What is a Migraine?
The pain of a migraine headache is often described as an intense pulsing or throbbing pain in one area of the head. However, it is much more; the International Headache Society diagnoses a migraine by its pain and number of attacks (at least 5, lasting 4-72 hours if untreated), and additional symptoms including nausea and/or vomiting, or sensitivity to both light and sound. Migraine is three times more common in women than in men and affects more than 10 percent of people worldwide. Roughly one-third of affected individuals can predict the onset of a migraine because it is preceded by an “aura,” visual disturbances that appear as flashing lights, zig-zag lines or a temporary loss of vision. People with migraine tend to have recurring attacks triggered by a number of different factors, including stress, anxiety, hormonal changes, bright or flashing lights, lack of food or sleep, and dietary substances. Migraine in some women may relate to changes in hormones and hormonal levels during their menstrual cycle. For many years, scientists believed that migraines were linked to the dilation and constriction of blood vessels in the head. Investigators now believe that migraine has a genetic cause.
Is there any treatment?
There is no absolute cure for migraine since its pathophysiology has yet to be fully understood. At Fit for Life Wellness & Rehabilitation Centre, Dr. Luciano Di Loreto & Associates use a combination of soft tissue therapy, acupuncture, adjustments and massage techniques to address migraine headaches.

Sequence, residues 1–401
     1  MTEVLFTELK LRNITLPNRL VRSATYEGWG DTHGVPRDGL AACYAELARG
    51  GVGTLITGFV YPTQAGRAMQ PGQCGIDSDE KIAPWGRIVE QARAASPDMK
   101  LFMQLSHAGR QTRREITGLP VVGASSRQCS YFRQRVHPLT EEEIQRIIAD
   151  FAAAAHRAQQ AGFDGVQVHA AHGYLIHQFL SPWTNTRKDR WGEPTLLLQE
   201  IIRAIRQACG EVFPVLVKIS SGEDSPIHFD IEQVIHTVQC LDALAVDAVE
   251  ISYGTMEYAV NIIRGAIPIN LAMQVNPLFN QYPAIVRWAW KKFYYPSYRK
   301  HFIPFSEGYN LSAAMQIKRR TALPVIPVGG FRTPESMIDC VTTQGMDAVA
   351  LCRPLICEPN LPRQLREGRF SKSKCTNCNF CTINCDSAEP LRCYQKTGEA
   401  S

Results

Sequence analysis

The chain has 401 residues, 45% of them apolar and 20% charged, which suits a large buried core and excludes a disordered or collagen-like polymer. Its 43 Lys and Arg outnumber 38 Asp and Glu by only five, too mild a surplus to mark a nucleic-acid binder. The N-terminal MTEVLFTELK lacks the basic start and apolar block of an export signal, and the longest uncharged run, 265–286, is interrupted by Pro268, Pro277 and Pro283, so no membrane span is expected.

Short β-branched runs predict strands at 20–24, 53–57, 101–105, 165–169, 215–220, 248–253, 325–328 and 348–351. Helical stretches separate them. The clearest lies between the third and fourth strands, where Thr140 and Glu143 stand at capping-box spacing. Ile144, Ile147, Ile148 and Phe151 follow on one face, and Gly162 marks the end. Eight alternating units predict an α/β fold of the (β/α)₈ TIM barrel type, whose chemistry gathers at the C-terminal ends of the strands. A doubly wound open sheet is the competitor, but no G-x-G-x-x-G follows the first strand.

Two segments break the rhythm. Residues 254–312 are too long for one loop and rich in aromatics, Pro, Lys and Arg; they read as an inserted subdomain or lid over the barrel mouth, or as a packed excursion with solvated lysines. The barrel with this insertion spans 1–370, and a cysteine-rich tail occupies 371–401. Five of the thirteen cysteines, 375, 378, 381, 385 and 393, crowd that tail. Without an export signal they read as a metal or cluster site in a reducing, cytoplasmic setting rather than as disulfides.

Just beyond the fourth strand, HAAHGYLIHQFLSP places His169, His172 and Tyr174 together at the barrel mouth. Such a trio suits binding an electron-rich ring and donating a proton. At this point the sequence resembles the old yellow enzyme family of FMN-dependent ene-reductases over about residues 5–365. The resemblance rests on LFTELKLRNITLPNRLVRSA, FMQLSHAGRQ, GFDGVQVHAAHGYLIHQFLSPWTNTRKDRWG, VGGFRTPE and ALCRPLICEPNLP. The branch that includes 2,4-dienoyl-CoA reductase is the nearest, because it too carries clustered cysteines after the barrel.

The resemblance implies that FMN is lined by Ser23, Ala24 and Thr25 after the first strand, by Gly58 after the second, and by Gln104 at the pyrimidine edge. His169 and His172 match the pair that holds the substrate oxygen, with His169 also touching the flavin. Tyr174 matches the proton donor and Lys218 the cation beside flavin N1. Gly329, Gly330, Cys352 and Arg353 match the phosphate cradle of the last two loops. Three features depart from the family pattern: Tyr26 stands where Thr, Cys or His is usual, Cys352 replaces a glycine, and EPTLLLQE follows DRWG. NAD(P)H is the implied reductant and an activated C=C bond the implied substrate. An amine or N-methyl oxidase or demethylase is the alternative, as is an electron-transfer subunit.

What is the prognosis?
Responsive prevention and treatment of migraine is incredibly important. Evidence shows an increased sensitivity after each successive attack, eventually leading to chronic daily migraine in some individuals With proper combination of drugs for prevention and treatment of migraine attacks most individuals can overcome much of the discomfort from this debilitating disorder. Women whose migraine attacks occur in association with their menstrual cycle are likely to have fewer attacks and milder symptoms after menopause.
What research is being done?
Researchers believe that migraine is the result of fundamental neurological abnormalities caused by genetic mutations at work in the brain. New models are aiding scientists in studying the basic science involved in the biological cascade, genetic components and mechanisms of migraine. Understanding the causes of migraine as well as the events that effect them will give researchers the opportunity to develop and test drugs that could be more targeted to preventing or interrupting attacks entirely. Therapies currently being tested for their effectiveness in treating migraine include magnesium, coenzyme Q10, vitamin B12, riboflavin, fever-few, and butterbur.
In 2010, a team of researchers found a common mutation in the gene TRESK which contains instructions for a certain potassium ion channel. Potassium channels are important for keeping a nerve cell at rest and mutations in them can lead to overactive cells that respond to much lower levels of pain. Large genetic analyses similar to the one used to identify TRESK will most likely lead to the identification of a number of other genes linked to migraine.
-Credit to NINDS